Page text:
Great Universal Stores, the retail conglomerate, insisted yesterday that the £1bn-plus float of its Burberry luxury goods brand would still go ahead by next June despite a significant hit to sales as a result of the terrorist attacks on the US.
Experian, the group's business information division, has also suffered with sales growth grinding to a halt in the US.
GUS reported in a trading statement that sales at Burberry's retail stores in the weeks following 11 September were down 15 per cent on last year. Sales in the past week were down 18 per cent, indicating a weakening trend.
However, GUS pointed to the strength of Burberry's performance over the whole trading period, which covered the six months to 30 September. Underlying sales were up by 31 per cent with sales at the retail division higher by 10 per cent.
David Tyler, GUS's finance director said: "Before 11 September all of our businesses were doing at least as well as the market was expecting, if not better." The attacks had "changed things" but the Burberry float was still on track "subject to market conditions", he said.
GUS added that America accounts for less than 20 per cent of Burberry's sales. Spain and Japan, which account for two-thirds of its sales, have been less affected. Burberry's new ranges feature a more restrained use of the brand's trademark check, which has become a hit with celebrities including Mick Jagger, who is said to be devoted to his Burberry cashmere hot-water bottle. Hot sellers include a "Breakthough" scarf at £50, a kilt dress modelled by Kate Moss in its adverts at £595, and a red shopping bag at £150. The traditional Burberry trench coat is also selling well, Mr Tyler said.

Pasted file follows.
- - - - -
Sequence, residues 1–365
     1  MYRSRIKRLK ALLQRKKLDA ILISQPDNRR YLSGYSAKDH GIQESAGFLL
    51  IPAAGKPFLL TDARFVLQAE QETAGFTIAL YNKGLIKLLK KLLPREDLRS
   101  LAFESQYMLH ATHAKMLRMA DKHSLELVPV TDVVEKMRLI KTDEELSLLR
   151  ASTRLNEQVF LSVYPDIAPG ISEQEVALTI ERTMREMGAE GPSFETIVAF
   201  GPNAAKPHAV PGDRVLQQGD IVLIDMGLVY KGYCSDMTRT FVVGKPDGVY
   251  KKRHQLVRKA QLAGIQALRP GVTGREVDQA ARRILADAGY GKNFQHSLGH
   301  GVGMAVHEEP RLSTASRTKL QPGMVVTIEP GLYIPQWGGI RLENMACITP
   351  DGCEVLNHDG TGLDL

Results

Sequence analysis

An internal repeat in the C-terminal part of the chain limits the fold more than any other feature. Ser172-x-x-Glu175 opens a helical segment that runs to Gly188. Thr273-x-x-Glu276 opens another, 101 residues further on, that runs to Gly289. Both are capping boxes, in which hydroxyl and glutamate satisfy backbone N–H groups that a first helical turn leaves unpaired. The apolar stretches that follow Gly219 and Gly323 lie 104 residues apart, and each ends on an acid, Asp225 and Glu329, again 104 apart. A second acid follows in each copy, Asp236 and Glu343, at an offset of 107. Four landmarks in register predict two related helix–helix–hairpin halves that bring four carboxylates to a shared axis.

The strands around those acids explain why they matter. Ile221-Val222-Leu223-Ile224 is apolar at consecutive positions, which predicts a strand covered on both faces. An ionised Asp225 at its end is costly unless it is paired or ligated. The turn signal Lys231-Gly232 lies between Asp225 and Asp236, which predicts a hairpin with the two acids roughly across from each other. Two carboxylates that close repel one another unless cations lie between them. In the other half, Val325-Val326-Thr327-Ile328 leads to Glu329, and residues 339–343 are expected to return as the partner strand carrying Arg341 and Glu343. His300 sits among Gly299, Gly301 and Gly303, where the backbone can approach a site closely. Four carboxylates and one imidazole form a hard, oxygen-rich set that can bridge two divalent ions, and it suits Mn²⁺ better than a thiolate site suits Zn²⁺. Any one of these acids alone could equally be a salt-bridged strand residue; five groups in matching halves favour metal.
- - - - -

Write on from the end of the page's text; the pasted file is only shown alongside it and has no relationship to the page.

Argos, the catalogue shops business, was the best performer in the GUS portfolio, with a 13 per cent increase in like-for-like sales growth. Sales were particularly strong in furniture, white goods and consumer electronics. But the home shopping operation, which specialises in mail-order catalogues like Kays, saw sales fall by 3 per cent
At Experian underlying sales rose by 4 per cent on last year, but the US division was hit by a decline in mailshot activity in its marketing solutions division. Sales grew by just 1 per cent. The group has cut 340 jobs with further "flexibility" in its staffing if present conditions continue.
Investec Henderson Crosthwaite cut its full-year profit forecast by £10m to £518m. The company is due to report its interim results on 29 November.
GUS shares rose 23p to 557p.Reuse content